Pike: Gender discrimination policy doesn't go far enough

    In the past month, the university amended its non-discrimination policy to include gender expression and identity. It’s important for students to know that despite the victory, the material situation on campus hasn’t caught up to the policy.

    Gender Protection Initiative, the group that was lobbying to change the policy, was also trying to secure gender-neutral housing options on campus, which more than 700 students supported. This option would have reserved one wing of one dorm for students who wished to be assigned roommates regardless of gender. This proposal was just rejected by University Housing, accompanied by a letter saying the university already satisfactorily accommodates these students.

    The University claims they handled this issue “without fanfare,” by placing students in suites or wings according to their legal sex, but in singles or with a specifically requested roommate. If the student has problems with those arrangements, Housing will “explore possible options.” Should a room in the living quarters of the student’s legal sex prove unsatisfactory, the student can move off-campus, as “anyone may live wherever they desire all four years at Northwestern.”

    With all due respect, that is not sufficiently accommodating the students. While some gender-variant students have had neutral experiences, others have gone through downright traumatic years in student housing. Housing insensitively refuses to acknowledge that these students have been uncomfortable voicing their complaints, implying that their past silence has meant satisfaction. Now that they’re speaking up, Housing patronizes them by suggesting that the office knows what is best for them.

    Though freshmen are not required to live on campus, it’s an important part of adjusting to college. Incoming gender-variant freshmen may not know any potential roommates or how to get good off-campus housing. New students without pre-established support networks are the most vulnerable part of the group we’re trying to protect.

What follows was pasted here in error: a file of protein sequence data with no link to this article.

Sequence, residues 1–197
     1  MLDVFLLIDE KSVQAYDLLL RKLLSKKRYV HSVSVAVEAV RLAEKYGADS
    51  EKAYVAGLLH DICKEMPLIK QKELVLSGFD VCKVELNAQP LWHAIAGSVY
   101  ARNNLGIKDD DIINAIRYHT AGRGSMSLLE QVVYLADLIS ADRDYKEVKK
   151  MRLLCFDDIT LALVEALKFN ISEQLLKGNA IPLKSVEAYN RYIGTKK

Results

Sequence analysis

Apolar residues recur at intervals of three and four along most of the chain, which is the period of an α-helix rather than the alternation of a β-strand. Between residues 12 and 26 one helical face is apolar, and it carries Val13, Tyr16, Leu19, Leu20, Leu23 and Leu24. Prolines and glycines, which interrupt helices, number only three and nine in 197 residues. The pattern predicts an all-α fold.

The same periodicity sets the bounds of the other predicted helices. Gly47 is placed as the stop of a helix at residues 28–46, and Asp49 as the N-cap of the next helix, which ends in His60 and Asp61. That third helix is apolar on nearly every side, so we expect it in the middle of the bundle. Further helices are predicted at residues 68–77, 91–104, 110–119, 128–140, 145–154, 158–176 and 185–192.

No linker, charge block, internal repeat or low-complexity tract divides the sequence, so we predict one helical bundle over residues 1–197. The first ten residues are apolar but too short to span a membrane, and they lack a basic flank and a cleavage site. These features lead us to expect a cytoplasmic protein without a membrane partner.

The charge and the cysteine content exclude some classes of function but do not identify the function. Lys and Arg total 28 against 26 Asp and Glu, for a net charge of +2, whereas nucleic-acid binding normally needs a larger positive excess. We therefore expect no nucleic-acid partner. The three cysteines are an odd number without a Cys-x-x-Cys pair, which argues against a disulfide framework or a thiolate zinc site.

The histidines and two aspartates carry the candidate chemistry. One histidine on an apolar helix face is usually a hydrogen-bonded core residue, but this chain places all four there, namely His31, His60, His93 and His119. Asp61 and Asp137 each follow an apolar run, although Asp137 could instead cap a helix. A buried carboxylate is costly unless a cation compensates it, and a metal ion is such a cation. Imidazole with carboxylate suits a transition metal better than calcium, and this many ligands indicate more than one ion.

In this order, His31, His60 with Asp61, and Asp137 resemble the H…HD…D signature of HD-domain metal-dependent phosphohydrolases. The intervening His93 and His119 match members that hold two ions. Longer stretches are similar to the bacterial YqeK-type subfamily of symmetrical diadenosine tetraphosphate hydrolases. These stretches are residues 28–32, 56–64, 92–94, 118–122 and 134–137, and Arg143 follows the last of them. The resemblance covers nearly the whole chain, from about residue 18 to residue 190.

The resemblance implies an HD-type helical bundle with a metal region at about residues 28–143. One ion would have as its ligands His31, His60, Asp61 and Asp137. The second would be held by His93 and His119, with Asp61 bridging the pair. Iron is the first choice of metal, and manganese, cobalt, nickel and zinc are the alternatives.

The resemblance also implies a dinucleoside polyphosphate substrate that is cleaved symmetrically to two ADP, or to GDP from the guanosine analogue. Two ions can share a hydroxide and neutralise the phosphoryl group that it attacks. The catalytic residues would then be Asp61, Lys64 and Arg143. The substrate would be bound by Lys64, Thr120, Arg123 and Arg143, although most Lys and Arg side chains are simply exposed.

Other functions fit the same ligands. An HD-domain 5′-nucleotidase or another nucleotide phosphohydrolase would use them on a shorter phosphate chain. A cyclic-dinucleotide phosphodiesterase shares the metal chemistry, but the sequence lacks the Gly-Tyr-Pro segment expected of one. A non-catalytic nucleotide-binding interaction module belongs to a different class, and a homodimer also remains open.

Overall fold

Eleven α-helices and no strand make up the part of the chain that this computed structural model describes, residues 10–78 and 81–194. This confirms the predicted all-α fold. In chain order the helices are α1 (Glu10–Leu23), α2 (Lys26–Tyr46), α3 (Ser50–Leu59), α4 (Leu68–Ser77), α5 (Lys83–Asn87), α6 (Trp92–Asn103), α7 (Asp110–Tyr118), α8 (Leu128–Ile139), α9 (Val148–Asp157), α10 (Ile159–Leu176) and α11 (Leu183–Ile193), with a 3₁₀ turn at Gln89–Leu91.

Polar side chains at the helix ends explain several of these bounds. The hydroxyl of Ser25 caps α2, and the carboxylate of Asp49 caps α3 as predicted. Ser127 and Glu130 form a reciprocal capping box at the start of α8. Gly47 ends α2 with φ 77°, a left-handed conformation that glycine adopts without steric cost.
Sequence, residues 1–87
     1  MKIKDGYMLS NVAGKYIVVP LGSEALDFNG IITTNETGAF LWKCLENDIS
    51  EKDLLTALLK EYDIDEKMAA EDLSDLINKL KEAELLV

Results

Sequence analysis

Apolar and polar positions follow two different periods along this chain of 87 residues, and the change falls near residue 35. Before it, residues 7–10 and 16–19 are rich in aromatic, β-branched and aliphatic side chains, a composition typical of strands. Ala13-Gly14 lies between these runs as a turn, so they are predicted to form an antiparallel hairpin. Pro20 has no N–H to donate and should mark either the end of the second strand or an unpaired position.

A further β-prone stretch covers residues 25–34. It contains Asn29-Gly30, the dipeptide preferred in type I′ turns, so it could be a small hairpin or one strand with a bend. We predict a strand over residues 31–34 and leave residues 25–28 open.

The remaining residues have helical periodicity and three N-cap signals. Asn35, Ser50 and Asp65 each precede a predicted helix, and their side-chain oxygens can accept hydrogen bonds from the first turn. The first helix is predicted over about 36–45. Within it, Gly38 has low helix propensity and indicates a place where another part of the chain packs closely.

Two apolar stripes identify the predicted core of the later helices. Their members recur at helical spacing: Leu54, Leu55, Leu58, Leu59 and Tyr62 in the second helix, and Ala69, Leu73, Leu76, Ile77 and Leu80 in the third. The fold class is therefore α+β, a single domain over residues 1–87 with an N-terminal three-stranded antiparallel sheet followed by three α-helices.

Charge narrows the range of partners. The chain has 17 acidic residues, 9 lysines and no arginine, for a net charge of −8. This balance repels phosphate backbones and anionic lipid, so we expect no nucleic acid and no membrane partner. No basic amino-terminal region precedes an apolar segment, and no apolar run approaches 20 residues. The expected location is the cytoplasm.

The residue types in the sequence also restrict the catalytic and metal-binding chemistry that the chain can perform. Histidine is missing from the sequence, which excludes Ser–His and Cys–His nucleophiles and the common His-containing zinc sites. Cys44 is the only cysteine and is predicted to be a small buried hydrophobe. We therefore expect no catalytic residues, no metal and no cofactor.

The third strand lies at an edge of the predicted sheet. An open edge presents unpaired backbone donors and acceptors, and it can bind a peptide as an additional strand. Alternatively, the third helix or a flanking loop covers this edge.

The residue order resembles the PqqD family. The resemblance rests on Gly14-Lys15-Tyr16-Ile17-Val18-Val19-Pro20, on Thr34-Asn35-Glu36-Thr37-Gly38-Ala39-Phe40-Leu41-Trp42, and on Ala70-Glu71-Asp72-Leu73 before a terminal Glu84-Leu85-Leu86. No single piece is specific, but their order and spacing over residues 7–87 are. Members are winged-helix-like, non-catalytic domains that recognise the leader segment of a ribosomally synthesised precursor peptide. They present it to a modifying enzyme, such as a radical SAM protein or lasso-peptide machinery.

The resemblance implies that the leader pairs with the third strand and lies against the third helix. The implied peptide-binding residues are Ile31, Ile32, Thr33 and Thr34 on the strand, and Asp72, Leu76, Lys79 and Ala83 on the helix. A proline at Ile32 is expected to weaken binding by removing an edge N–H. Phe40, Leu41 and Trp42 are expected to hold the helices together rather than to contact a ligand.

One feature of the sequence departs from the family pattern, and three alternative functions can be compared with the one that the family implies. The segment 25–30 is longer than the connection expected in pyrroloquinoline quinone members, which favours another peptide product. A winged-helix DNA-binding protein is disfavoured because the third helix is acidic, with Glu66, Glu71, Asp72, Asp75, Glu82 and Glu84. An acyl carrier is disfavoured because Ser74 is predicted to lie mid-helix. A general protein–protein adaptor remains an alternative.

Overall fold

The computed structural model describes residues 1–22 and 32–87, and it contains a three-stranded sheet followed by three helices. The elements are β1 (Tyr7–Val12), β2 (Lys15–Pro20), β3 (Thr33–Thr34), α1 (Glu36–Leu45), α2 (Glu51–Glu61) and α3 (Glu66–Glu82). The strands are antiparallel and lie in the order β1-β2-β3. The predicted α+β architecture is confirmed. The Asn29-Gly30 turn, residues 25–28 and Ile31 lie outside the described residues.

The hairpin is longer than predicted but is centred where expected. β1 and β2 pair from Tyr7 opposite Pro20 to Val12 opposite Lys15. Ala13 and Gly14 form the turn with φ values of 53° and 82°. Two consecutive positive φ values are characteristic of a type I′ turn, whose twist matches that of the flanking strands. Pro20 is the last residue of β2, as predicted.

If transgender students do live in dorms, demanding that a transsexual man, for example, use the women’s restroom is an insult to the trans man’s dignity and to the female students’ privacy. Everyone feels awkward at best, and unsafe at worst.

    Housing’s response concludes by saying that the system is not worth fixing because this is not the most common issue. It’s no wonder that these situations have been rare when Northwestern refuses to put the framework into place to deal with them. A student in this minority deserves the same rights and protections as any other student. Moreover, there are many different kinds of students that might choose to take advantage of gender-neutral housing. Each student has the right to a good experience at this school, and providing gender-neutral housing is one step closer to ensuring this experience.

    Lastly, it is obvious that not everyone may live wherever they desire all four years at Northwestern. Forcing students to move off campus is not a supportive or responsible option –- it amounts to saying student concerns don’t matter -– if you don’t like the policies as they are, don’t let the door hit you on the way out.

    Mugsie Pike
    Communication junior
    President of the Gender Protection Initiative


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